Thanks for the feedback.

]]>1. Your phrasing “The probability of that in a Poisson process with mean λw is” is a bit misleading because it comes after making the statement about P(W > w), yet the following probability shown is the one for F(w).

2. There’s an extra parenthesis when you first show the derivative.

3. The derivative is F'(w), not F'(x).

4. Some important steps were skipped, for instance it’s not clear where the extra factorials come from when you derive.

Overall, the proof is nice and that’s what I was looking for, but the bad presentation made me look for it elsewhere.

]]>I forgot about that article. That was almost 9 years ago. Where did the time go?

Sure, I imagine the issue could arise with linear data. Fit a highly flexible non-linear model to linear data and you can get high r squared values despite the model being wrong. That’s an example of overfitting the data. Adjusted R squared in this case wouldn’t fix the fact you fit the wrong model.

]]>I was referring to the article ‘Is R-squared Useless?” On the University of Virginia blog it attributes authorship to you. In it the arguments issued by Cosma Shalizi against the r2 metric were reviewed by you. In particular, I was asking you about the demonstration of how r2 can be arbitrarily high even with an incorrect model. You used non-linear data to prove the point. But my question is if the same issue can result using linear data? Secondly, I wanted to know in your opinion how well can adjusted r2 values compensate for these alleged failings.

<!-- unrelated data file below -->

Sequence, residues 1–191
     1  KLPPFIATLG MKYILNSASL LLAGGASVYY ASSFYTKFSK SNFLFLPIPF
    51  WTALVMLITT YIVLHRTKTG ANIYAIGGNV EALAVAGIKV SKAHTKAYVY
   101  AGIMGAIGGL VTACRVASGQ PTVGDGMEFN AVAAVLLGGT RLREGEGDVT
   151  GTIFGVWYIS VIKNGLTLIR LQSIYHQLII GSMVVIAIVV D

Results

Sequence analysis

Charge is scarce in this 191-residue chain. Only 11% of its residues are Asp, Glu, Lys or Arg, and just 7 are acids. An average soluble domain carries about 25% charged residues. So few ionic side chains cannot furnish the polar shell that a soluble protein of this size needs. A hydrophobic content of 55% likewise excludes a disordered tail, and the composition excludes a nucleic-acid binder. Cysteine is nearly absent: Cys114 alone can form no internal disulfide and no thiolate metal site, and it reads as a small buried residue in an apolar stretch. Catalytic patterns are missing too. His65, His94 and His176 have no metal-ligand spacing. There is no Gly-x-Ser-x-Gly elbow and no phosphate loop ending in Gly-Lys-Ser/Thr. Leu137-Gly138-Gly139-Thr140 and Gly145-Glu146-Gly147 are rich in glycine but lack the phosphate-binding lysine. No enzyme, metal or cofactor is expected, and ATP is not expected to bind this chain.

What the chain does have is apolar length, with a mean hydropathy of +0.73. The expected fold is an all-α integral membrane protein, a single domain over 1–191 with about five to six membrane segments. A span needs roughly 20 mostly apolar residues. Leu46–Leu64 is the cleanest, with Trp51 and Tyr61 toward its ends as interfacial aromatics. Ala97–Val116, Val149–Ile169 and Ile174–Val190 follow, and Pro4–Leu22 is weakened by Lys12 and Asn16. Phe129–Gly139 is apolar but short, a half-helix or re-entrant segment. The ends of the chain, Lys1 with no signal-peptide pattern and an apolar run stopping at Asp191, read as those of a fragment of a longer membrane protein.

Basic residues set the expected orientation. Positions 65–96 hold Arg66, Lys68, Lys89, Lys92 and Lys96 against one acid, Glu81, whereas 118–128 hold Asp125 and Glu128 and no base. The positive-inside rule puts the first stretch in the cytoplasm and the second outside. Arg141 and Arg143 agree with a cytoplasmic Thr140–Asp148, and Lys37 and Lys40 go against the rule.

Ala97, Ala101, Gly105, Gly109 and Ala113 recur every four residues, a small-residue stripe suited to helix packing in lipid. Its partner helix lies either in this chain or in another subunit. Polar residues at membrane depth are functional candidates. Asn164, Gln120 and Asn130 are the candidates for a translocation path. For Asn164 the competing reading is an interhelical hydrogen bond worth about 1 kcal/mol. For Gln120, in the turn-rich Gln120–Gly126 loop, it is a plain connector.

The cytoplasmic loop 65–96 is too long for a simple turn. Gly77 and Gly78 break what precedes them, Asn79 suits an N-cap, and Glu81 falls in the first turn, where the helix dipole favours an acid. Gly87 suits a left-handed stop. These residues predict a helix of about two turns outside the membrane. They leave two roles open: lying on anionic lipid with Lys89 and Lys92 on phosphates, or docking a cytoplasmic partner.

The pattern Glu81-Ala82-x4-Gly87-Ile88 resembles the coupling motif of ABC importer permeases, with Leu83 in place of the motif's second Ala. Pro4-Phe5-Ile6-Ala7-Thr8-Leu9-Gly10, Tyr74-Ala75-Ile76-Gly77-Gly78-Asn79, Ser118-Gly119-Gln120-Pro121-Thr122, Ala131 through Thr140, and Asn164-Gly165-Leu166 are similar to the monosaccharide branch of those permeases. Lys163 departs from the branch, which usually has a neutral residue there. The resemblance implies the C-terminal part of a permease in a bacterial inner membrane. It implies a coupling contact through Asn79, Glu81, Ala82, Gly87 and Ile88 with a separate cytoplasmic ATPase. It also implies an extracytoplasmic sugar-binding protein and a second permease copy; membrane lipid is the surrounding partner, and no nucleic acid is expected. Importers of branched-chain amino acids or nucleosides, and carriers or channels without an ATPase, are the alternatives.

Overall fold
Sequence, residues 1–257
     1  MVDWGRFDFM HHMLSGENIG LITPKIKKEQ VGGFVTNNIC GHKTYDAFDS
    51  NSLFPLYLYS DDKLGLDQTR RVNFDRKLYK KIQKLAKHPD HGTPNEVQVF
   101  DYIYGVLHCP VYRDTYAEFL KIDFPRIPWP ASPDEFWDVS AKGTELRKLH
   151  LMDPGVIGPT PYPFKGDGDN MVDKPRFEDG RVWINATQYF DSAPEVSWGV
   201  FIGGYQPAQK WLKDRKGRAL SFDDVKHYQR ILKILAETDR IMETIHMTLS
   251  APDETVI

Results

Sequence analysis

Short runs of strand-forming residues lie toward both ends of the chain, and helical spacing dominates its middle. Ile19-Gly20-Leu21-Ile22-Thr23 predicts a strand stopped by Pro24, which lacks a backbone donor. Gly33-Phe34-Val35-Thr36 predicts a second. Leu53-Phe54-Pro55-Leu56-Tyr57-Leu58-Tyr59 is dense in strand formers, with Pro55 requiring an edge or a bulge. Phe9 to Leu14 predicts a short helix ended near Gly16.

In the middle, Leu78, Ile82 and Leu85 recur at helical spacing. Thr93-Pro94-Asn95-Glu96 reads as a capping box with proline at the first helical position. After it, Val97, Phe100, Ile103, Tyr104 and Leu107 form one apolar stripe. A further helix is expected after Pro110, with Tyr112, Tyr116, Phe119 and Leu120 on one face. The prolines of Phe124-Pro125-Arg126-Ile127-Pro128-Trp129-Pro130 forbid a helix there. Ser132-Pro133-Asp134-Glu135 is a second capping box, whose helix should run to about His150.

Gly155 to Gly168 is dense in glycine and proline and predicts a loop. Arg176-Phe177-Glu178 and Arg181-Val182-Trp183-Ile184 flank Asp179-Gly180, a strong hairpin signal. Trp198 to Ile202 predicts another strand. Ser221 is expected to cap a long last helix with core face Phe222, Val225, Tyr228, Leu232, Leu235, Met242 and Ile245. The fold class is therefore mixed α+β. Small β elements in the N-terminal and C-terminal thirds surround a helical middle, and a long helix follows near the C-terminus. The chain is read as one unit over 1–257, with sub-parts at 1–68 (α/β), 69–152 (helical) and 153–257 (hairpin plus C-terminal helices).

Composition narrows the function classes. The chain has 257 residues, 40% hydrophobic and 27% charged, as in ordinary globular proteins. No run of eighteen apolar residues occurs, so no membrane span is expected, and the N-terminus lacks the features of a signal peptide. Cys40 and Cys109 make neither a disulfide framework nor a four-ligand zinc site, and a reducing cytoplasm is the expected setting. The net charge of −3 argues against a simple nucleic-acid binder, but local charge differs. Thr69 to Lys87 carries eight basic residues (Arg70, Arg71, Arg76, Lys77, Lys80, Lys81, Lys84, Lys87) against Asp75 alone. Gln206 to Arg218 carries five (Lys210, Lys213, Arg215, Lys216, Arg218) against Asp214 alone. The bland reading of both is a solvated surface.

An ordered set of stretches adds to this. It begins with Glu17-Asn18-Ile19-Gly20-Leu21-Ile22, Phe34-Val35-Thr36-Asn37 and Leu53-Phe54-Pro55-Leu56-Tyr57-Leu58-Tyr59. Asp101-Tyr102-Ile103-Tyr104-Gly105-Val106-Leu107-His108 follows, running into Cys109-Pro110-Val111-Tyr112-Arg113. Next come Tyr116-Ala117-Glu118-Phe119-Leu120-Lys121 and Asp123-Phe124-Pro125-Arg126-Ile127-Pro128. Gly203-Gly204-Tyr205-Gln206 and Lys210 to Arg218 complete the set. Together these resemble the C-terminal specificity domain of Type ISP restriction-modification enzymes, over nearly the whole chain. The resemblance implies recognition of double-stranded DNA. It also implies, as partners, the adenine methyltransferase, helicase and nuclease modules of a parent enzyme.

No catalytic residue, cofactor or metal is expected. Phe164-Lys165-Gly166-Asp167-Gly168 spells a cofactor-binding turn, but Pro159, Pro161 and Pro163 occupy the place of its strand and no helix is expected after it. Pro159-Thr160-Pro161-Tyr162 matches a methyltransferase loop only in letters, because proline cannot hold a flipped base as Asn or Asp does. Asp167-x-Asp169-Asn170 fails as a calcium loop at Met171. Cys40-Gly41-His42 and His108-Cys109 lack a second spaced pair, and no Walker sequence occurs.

Link to article in question

https://library.virginia.edu/data/articles/is-r-squared-useless

I’m not sure I follow your question. I’m also not sure what article you’re talking about.

]]>Yeah, that was me. Happy to try and answer any questions you might have.

]]>Thank you!

Kyle

Thanks for the comment and nice words! I have to admit, in the 10 years since I wrote this up, I’ve developed a less-rigid approach to mixed-effect modeling. I no longer subscribe to the recipes advocated above where we first fit an “unconditional means model” and so forth. I think you should use subject matter expertise, your research question, and the structure of your data to guide your modeling. Propose a sensible model that could reasonably be answered by the amount of data you have. Try different models as needed. Be transparent and report all your models, or at least report that you tried different models. Be modest about your results. Accept the uncertainty. I hope this helps.

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